Friday, 16 December 2016

Feminism and Writing

In today's post, Cara Mckee talks about feminism and writing.



There are still women who write under non-gendered, or even typically male names (Robin Hobb, and JK Rowling spring immediately to mind), and it still makes sense to do that even though it’s 2016.

Writing is what I do now (blogging at Caralmckee.blogspot.co.uk and mainly writing poems – I’ve been shortlisted in this year’s Great British Write Off). I’m happy to have the opportunity, but I also need work which fits around looking after my children with a husband who often has to work away.

Like much of women’s work, my writing is undervalued. I often get asked to work for ‘exposure,’ something I note a lot of writers get asked to do, although it does seem to be more of an issue for women (in my experience), whose writing is often seen as a hobby, rather than men, who are struggling artists, trying to make ends meet (let’s face it, most writers don’t get paid a lot). Perhaps this is related to book sales, because it is still true that while women will buy books by men or women, men mainly buy books by men, and publishers need to go where the money is. There are plenty of women writers, but less published ones, and of those, they tend to get less attention. I was recently at a workshop on SciFi writing, lots of authors were recommended, but none of them were women. I asked why and was told there weren’t many women SciFi authors because women aren’t really into that kind of thing. I started listing women (because I’m a difficult woman), but to little avail I fear.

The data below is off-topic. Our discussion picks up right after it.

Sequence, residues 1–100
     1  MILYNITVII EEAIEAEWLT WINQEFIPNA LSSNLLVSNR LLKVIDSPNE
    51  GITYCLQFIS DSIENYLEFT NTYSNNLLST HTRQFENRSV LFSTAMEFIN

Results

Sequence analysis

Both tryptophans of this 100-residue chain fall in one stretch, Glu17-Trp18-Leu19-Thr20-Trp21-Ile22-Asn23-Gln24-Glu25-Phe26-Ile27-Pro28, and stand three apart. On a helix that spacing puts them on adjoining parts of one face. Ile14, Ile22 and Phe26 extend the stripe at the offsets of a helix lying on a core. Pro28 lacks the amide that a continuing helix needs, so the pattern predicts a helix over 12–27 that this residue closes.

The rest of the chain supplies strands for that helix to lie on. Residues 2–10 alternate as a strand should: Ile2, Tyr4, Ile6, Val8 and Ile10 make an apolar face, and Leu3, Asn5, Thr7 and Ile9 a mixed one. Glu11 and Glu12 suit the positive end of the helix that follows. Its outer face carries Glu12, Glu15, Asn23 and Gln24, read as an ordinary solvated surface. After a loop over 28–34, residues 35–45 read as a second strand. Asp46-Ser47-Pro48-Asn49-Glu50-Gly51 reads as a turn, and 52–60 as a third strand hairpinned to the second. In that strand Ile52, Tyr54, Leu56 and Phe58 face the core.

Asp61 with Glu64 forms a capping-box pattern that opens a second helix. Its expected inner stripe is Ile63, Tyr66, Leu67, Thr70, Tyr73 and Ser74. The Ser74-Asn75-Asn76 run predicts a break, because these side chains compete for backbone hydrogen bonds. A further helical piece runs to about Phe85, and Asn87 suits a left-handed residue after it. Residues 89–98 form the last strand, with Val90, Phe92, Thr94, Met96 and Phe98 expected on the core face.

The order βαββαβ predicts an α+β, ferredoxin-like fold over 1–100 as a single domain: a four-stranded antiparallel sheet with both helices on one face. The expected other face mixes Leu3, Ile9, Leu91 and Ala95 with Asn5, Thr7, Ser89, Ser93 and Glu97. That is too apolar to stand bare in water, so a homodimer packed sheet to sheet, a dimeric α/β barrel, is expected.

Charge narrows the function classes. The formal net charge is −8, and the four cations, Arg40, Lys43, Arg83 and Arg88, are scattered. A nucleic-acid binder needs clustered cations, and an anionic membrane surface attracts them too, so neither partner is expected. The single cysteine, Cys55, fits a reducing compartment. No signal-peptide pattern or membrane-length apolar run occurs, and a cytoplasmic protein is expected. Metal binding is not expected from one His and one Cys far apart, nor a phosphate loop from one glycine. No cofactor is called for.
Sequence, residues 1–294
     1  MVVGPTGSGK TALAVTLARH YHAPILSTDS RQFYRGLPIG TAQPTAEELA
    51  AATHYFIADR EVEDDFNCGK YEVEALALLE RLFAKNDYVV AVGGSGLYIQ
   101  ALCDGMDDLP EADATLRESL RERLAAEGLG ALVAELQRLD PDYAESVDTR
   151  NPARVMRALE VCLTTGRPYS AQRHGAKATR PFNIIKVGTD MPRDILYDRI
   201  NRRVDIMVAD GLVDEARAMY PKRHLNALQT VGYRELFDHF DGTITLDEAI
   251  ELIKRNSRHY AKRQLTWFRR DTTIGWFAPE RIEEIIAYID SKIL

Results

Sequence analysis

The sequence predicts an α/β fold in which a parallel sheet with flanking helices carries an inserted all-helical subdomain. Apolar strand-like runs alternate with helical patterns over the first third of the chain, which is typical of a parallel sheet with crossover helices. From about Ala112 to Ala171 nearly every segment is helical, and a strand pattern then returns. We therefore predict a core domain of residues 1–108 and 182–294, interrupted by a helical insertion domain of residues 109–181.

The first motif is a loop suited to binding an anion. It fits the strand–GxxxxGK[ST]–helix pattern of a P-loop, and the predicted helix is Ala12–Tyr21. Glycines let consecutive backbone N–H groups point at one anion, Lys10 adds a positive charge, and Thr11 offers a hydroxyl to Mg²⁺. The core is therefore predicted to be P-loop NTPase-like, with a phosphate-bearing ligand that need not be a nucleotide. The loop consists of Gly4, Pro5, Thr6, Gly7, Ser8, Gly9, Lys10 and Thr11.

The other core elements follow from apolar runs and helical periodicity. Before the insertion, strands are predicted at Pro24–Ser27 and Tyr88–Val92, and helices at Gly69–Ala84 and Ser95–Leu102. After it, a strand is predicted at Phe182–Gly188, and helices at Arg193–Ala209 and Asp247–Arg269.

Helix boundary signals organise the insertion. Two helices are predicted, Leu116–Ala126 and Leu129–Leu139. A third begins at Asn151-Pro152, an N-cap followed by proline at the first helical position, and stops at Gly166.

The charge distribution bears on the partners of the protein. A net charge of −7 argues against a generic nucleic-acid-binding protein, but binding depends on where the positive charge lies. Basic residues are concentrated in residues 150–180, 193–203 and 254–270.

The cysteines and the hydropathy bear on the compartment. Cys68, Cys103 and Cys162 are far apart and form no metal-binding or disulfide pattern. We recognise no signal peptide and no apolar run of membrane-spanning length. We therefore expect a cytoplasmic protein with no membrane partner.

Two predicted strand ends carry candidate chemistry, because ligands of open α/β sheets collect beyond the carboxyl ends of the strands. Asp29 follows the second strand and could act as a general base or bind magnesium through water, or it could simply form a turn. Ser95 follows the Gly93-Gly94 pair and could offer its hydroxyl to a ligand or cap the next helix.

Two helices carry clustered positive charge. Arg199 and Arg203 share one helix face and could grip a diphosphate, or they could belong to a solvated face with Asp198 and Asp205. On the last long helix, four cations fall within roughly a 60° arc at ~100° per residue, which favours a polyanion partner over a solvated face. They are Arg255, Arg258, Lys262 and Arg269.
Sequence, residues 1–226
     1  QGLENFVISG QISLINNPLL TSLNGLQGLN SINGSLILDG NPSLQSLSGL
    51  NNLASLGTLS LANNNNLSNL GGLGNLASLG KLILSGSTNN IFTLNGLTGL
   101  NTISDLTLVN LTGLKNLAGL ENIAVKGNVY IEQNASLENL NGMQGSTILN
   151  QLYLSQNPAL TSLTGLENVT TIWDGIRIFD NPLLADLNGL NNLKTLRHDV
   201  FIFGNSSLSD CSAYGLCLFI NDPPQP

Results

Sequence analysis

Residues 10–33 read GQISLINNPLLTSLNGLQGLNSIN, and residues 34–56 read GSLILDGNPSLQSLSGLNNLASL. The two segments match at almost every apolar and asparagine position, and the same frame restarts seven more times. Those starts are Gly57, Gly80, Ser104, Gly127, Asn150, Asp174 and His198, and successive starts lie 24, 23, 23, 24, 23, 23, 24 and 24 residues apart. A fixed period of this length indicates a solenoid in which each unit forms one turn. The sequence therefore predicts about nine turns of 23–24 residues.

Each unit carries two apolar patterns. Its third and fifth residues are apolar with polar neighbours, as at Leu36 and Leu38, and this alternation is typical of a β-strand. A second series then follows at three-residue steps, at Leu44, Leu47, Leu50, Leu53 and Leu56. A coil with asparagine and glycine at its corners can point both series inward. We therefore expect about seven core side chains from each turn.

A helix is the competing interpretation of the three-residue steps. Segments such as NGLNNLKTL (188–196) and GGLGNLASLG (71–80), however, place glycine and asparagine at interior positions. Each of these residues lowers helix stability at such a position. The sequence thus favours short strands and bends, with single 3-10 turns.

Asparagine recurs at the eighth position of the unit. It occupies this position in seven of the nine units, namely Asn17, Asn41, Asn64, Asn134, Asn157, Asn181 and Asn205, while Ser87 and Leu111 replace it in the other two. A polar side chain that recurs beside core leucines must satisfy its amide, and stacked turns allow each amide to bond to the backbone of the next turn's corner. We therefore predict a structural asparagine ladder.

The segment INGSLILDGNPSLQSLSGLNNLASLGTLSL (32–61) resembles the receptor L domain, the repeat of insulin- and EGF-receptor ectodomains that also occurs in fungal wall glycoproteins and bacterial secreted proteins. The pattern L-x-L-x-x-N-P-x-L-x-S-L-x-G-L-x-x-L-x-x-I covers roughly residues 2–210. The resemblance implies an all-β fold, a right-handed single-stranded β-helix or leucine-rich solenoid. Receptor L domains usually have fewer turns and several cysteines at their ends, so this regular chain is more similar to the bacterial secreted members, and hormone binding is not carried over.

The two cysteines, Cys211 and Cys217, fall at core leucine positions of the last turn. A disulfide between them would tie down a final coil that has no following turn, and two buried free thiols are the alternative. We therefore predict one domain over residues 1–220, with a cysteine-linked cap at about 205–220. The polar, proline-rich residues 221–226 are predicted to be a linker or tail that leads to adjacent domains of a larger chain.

The matter of women’s lives is also often seen as light or irrelevant. I’ve seen lots of programmes focusing on the politics of male dominated office spaces, but hardly anything on the politics of the toddler group.

I used to write a column for my local paper for ‘exposure.’ I quit when I realised that the other two columnists (both men, who already worked on the paper) were doing it for the money. I now get paid to write a column for a parenting magazine which was just voted the best new magazine in Scotland. It’s important not to accept having your work undervalued.

I suspect that once we are successful in the next part of gender equality, recognising the value of caring and home-work, and getting more men involved in that stuff, then we might see more recognition for women writers and women’s stories.


Until then I’m going to keep talking about women writers, to let other people know all the good stuff there is to find, emerging poets like Katharine MacFarlane and Iona Lee https://ionalee23.wordpress.com/ brilliant authors like Eowyn Ivey http://eowynivey.com/ and Naomi Alderman http://www.naomialderman.com/ (who also writes games), and awesome bloggers like Maddy at Writer’s Bubble http://writingbubble.co.uk/ and Sara at Mum Turned Mom http://mumturnedmom.com/ and me of course. I’m chuffing awesome. Check out my blog at caralmckee.blogspot.co.uk or find my poems in the latest copy of 404 Ink magazine http://www.404ink.com/ or in Allegro Poetry http://www.allegropoetry.org/p/issue-11.html